A publication of the Archaeological Institute of America
Egyptian Revivalism was a popular architectural style in Europe and the United States during the 19th century. Prisons, cemetery gates, churches, memorials, tomb markers, and even reservoirs in NYC and across the United States took inspiration from Egyptian architecture and art motifs. 19th-century Egyptian Revival architecture included pylons, papyrus-stalk columns, obelisks, and details such as winged-disks and lotus flowers.
"The Tombs" Prison
"The Tombs" Prison (Wikimedia)
Officially known as the New York Hall of Justice and Detention Center, the Tombs was completed in 1838. Designed by John Haviland, the building's Egyptian facade was inspired both by the temple at Dendera, a Ptolemaic period (332-30 B.C.) temple dedicated to the goddess Hathor and one of the best preserved temples in Egypt, and architect Claude-Nicholas Ledoux's ca.1785 design for an unbuilt prison at Aix-en-Provence in France. The Tombs' entryways featured huge papyrus-stalk columns. Some considered the Tombs to be a fine example of Egyptian Revivalism, Charles Dickens called it "bastard Egyptian" when he mentioned it in his account of his first trip to America American Notes. Nonetheless, Egypt was the Tombs inspiration. Egyptian style in the 19th century was often associated with mystery and death and was thus occasionally used in the design of cemetery gates and prisons, such as Haviland's 1830s design of the New Jersey State Penitentiary at Trenton, and architect Henry Austin's wall and gates at the Grove Street Cemetery in New Haven, Connecticut (1845). The Tombs was located at 125 White Street in Lower Manhattan, and was nicknamed for its Egyptian association, despite looking more like a temple than tomb. Both a female and male penitentiary, it was known for its alleged corruption. The original building was torn down in 1902 and there have been three prisons on the site since. The fourth and current complex, the Bernard B. Kerik Complex, was built in 1974.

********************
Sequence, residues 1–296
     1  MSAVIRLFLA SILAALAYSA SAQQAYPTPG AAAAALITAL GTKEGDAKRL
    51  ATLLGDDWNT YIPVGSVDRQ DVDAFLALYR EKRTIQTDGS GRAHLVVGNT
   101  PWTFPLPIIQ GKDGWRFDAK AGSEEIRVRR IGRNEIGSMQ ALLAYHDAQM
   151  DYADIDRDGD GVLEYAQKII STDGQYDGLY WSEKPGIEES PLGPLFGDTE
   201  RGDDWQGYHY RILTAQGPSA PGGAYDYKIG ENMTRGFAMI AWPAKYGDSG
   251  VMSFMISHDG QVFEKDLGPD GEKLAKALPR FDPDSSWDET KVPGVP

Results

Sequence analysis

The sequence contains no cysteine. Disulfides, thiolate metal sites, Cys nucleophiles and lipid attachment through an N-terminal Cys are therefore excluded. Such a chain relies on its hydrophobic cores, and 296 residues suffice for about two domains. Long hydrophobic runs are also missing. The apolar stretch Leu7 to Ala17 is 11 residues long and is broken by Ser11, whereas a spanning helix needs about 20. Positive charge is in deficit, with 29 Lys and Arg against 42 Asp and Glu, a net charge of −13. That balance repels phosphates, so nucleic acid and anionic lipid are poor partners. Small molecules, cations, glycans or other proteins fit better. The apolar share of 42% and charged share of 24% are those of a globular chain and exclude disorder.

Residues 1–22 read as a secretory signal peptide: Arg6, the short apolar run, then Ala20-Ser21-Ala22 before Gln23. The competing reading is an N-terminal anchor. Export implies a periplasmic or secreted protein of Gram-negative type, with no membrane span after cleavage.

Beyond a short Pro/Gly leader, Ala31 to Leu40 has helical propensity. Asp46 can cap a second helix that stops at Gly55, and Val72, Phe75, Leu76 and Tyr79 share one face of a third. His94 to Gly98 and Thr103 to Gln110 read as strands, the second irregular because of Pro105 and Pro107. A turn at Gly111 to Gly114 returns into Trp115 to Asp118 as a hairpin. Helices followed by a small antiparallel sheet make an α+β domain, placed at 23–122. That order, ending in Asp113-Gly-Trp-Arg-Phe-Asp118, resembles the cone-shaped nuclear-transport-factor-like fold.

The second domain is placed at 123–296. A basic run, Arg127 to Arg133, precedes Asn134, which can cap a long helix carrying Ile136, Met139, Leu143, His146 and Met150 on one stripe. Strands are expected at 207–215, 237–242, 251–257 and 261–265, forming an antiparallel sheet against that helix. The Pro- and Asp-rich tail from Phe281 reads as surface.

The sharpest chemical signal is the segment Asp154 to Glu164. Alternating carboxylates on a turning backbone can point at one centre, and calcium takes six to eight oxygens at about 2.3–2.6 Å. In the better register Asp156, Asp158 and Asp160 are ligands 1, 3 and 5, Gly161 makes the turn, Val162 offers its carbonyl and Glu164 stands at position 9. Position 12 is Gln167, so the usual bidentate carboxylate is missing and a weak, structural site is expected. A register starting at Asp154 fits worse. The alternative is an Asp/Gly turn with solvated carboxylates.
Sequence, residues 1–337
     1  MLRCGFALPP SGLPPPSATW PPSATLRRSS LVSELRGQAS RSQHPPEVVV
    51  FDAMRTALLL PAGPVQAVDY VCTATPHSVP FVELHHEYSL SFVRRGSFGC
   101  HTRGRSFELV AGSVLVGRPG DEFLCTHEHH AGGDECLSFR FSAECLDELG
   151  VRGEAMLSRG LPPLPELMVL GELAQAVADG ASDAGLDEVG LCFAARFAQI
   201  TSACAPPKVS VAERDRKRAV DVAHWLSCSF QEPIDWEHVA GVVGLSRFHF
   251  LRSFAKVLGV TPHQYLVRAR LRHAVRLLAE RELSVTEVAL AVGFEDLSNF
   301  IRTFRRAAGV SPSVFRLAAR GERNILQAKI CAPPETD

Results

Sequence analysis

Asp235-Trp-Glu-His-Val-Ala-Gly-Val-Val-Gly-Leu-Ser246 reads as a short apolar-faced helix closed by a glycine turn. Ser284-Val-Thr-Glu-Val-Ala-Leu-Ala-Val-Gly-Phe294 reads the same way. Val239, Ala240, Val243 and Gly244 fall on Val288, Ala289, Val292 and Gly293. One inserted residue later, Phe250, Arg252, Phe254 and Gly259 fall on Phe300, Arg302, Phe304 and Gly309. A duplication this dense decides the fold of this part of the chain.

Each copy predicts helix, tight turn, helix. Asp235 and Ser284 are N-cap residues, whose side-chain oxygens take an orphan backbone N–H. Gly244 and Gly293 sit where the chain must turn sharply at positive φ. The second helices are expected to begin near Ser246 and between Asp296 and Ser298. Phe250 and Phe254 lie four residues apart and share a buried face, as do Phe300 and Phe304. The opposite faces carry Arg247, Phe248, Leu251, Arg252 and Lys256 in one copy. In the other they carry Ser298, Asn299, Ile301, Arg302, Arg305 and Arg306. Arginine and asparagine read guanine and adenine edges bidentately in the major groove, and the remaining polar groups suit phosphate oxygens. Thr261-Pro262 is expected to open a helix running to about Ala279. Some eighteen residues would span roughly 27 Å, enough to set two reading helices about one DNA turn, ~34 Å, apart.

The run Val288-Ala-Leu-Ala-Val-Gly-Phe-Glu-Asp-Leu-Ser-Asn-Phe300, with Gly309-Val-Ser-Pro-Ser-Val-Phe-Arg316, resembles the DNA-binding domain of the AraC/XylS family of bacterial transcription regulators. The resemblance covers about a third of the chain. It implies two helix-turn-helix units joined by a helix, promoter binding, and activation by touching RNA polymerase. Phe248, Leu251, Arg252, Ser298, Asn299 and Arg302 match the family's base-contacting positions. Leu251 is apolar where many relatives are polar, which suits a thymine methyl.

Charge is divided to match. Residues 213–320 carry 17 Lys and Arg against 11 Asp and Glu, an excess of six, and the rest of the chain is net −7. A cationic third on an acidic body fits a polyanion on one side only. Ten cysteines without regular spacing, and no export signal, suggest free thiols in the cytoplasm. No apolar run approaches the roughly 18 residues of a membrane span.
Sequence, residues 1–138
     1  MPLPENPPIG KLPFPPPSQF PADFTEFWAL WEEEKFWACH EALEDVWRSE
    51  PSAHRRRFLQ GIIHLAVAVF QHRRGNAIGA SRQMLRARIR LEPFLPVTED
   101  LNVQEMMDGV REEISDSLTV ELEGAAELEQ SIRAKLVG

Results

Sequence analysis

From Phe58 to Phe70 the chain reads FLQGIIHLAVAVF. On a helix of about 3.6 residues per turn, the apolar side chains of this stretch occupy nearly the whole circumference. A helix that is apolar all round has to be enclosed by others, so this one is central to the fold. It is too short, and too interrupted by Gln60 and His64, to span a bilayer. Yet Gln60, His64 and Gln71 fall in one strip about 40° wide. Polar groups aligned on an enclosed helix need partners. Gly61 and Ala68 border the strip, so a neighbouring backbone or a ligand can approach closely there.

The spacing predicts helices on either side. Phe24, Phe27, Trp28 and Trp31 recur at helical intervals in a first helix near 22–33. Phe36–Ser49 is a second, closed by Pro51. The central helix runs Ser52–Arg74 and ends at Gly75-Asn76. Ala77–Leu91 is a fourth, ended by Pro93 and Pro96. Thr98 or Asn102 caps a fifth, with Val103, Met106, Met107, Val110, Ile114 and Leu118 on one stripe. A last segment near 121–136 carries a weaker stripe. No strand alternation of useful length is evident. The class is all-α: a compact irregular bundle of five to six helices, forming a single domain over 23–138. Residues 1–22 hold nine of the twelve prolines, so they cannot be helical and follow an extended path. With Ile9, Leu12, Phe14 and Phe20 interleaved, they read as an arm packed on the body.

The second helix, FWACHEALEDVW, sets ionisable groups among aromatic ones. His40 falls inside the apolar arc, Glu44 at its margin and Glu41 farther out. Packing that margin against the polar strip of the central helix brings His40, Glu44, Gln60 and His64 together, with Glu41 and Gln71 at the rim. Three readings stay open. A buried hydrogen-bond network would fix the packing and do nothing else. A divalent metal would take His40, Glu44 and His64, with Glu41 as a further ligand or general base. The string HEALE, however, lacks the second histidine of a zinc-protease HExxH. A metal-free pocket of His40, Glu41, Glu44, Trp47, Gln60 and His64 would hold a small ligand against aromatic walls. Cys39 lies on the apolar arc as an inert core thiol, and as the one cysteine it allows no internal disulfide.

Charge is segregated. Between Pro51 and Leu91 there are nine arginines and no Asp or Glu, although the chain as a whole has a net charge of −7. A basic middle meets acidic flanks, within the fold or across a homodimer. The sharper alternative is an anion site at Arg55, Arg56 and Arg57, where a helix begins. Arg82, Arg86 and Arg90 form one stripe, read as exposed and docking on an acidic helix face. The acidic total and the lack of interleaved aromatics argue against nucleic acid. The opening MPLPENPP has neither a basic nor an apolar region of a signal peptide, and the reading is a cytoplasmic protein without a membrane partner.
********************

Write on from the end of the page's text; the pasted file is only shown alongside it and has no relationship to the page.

Croton Distributing Reservoir
Croton Reservoir (Wikimedia)
In need of a new water-supply system, New York State built the Egyptian-style Croton Distributing Reservoir between 1839 and 1842. The structure, designed by John B. Jervis, had blank walls, huge central and corner pylons, and a blank cavetto cornice, a concave bracket that lines the edge of many ancient Egyptian temples and facades. The 44.5-foot-tall granite structure was located on Fifth Avenue between 40th and 42nd Streets. Visitors could walk on top of it and enjoy views of the city. After it became obsolete as a water source, Croton was destroyed in 1899-1900 to make way for the construction of the New York Public Library.
The First Presbyterian Church in Sag Harbor
44 Union St., Sag Harbor, Long Island
From Manhattan: Long Island Railroad
The First Presbyterian Church in Sag Harbor (Courtesy of Bob Brier)
This church is also known as "Old Whalers" and is one of the earliest examples of Egyptian Revivalism in the United States still standing. The church, dedicated in 1844, is situated outside of the city on Long Island. It is a wooden building with a temple-like facade, including three pylons, and obelisk-shaped fence posts. Inside, the doors in the narthex have Egyptian-like moldings that taper from bottom to top. The church stood 185 feet tall and could be seen from seven miles out to sea until 1938, when a hurricane blew off the steeple. Designed by famous 19th-century architect Minard Lafever, it has been a National Historic Landmark since 1994.
The Grove Street Cemetery Gates
227 Grove St., New Haven, Connecticut
From Manhattan: Metro-North Railroad to New Haven Union Station; it's a five minute taxi or bus ride from the station to downtown New Haven
Grove Street Cemetery (Wikimedia)
Henry Austin's Egyptian Revival wall and gate at New Haven's Grove Street Cemetery were designed based roughly on the Greco-Roman temple dedicated to the god Khnum at Esna in southern Egypt and the Greco-Roman temple of the god Thoth at Hermopolis in the Nile Delta. There are two typical thick papyrus-stalk columns in the open center of the gate, which is an Egyptian-style pylon. Under the giant winged disk that symbolizes the Egyptian god of the dead Osiris, the gate reads, "The Dead Shall be Raised," taken from I Corinthians 15. This inscription presents a modern Christian belief against an ancient Egyptian backdrop, a culture filled with mummies and an un-Christian notion of the afterlife. Egyptian-style cemetery gates popped up across the United States from Louisiana to Baltimore in the 19th century. Grove Street Gate, one of the finest and earliest examples of this trend, is an easy day trip from Manhattan.